Birthright Israel, funded by the Israeli government and Jewish philanthropists, provides free all-inclusive 10-day trips to Israel for Jewish young adults. The program's goal is to promote Israel along with general Jewish unity and engagement. The blog Jewlicious has a category about these trips. (Scroll down past many promotional entries for the interesting stuff.) Some question its efficacy and results, while some Jews subvert the program. The trips end with a "Mega Rally" featuring entertainment, giant inflatable Stars of David, and speeches by dignitaries including PM Ehud Olmert. Here is video coverage (FLV) of the most recent rally. There is also a satirical Something Awful report.
"Ala ZongGoNin! Ala YouTaNin!". Jerry Moses last walked on Gaoyang Road in 1947. It was called Chaoufoong Road then, and it was home to many of the 18,000 European Jewish refugees who had sought refuge from Nazi Germany in Shanghai's Hongkew District (today known as Hongkou) during the run-up to World War II. He casts his gaze at the lane, his brow loosens and he begins to nod. "This is it, this is it," he says softly. "I know this is it." One week into his first visit to Shanghai in almost 60 years, Moses has found his third home in an exile that lasted from 1941 to 1947. He strides into the space, his manner now much closer to that of the 12-year-old boy who had left than the 70-year-old man who has returned. More inside.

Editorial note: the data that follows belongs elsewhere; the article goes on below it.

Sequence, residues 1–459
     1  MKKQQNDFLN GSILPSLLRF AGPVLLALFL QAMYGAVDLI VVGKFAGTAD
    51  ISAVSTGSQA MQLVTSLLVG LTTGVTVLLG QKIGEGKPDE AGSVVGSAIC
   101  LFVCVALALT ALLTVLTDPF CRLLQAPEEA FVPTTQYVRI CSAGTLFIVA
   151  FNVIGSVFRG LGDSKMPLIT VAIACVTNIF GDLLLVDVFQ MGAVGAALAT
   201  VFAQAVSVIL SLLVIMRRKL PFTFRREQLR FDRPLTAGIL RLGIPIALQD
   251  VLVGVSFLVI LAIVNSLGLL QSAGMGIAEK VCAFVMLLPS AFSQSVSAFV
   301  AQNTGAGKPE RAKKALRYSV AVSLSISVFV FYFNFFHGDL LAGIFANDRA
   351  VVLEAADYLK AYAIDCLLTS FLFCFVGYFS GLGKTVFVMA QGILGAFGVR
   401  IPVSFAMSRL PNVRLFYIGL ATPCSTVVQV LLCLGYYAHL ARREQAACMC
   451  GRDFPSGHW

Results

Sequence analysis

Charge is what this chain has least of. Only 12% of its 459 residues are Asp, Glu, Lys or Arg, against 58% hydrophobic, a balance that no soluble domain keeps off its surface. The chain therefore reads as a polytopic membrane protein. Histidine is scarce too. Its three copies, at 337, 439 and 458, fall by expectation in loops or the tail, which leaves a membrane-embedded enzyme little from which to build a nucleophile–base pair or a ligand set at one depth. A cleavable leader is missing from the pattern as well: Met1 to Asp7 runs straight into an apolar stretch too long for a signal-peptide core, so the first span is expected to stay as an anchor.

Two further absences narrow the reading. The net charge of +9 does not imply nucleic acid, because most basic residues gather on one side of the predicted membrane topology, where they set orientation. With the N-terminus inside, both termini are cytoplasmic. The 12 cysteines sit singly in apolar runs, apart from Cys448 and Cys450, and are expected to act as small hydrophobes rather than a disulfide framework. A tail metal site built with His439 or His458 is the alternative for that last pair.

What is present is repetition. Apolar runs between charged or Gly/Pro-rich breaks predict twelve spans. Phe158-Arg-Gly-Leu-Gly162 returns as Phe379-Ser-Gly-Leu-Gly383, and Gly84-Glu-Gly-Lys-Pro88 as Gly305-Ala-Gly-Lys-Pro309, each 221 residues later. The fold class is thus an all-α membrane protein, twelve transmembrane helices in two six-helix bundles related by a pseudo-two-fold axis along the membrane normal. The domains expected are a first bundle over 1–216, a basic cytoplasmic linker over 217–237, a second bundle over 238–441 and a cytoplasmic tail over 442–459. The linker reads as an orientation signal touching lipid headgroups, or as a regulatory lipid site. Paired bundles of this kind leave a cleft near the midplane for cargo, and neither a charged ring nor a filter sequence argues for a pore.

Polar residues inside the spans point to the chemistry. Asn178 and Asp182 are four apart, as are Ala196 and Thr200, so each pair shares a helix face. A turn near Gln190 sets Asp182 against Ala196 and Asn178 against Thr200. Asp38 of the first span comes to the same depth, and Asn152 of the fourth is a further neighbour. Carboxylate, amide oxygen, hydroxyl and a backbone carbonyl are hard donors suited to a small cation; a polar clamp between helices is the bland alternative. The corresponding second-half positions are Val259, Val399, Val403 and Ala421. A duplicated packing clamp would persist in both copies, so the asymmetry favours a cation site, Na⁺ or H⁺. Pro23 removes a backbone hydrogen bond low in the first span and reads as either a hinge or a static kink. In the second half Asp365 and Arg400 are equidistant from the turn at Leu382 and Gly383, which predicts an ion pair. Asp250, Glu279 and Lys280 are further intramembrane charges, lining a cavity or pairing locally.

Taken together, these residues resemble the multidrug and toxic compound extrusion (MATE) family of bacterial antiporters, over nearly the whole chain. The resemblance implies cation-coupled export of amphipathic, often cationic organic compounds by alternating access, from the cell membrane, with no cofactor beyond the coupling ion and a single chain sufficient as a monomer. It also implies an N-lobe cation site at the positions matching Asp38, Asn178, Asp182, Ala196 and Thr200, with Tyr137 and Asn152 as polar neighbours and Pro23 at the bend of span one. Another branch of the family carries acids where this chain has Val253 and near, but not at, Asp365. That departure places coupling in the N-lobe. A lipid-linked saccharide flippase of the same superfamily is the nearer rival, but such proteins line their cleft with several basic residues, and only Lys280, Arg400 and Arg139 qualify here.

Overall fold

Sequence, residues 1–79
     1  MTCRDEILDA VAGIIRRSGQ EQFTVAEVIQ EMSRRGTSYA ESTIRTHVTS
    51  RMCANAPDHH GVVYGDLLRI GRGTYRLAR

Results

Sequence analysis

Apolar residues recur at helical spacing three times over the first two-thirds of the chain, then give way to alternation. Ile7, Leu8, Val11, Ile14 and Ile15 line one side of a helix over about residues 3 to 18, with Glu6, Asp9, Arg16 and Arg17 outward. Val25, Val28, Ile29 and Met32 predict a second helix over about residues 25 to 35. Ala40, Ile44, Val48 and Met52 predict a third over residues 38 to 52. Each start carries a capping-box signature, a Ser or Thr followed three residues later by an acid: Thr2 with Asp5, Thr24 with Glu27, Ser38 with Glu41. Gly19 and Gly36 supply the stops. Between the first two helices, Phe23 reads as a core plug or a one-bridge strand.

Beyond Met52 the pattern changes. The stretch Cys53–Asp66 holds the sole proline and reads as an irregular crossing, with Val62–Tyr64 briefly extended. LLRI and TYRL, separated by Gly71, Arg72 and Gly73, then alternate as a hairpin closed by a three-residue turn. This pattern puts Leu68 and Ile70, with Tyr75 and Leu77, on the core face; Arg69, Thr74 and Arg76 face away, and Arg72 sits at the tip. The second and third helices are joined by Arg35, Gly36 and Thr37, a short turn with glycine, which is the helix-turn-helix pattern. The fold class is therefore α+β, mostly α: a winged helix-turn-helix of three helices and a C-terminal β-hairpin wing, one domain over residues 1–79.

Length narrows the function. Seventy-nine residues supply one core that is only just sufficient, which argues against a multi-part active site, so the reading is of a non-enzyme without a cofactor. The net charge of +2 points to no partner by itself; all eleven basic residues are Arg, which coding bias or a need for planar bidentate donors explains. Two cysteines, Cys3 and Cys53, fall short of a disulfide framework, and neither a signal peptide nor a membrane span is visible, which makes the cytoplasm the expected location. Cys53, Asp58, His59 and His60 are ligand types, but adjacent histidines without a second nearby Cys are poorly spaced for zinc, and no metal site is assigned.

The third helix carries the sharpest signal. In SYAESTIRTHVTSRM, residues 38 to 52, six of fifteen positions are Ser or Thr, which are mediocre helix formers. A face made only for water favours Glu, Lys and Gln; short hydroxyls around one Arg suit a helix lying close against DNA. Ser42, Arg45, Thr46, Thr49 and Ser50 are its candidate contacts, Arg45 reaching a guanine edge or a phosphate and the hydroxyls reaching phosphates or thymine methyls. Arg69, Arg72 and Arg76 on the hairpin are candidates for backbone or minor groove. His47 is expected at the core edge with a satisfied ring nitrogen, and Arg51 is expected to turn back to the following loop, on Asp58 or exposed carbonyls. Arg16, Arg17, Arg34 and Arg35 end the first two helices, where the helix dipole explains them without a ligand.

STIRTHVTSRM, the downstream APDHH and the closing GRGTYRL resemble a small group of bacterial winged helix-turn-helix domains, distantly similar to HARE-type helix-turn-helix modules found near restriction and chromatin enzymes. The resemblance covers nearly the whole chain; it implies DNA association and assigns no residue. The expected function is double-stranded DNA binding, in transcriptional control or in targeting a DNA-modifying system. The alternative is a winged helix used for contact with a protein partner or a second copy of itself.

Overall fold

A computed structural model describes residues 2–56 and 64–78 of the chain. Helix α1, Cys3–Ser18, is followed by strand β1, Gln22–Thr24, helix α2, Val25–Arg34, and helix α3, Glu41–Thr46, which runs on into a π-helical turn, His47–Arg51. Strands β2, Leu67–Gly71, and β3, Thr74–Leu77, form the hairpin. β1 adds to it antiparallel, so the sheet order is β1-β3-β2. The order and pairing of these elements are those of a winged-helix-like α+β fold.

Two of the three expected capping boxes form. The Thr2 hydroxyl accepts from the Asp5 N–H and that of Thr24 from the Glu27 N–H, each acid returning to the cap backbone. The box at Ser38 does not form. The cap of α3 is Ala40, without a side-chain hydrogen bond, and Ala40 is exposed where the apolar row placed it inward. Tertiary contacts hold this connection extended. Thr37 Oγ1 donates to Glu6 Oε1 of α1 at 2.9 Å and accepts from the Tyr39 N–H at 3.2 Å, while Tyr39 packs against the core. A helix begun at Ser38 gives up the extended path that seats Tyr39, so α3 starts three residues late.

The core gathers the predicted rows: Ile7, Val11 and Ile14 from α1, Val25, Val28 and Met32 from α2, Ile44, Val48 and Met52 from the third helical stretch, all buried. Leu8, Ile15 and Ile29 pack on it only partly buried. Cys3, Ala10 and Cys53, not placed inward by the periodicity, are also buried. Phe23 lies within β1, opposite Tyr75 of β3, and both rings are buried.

Who are the Sephardim? provides a short history of Sephardic Jews. The Ladino language website has a more complete introduction to Ladino, the Judeo-Spanish language. Included are a brief descriptive grammar, stanzas from Joseph the Wise, a long Ladino poem, and a translation of The Story of Gerineldo, a folktale. There are very good primary sources at the Medieval Sourcebook, and a Yahoo Ladino discussion group. This essay about the interactions between Moorish and Jewish cultures and their collective effect on European culture seems quite good (and is in Spanish). See also this Spanish-language article about exploring Ladino. There are more good Spanish-language resources on Sephardic history here.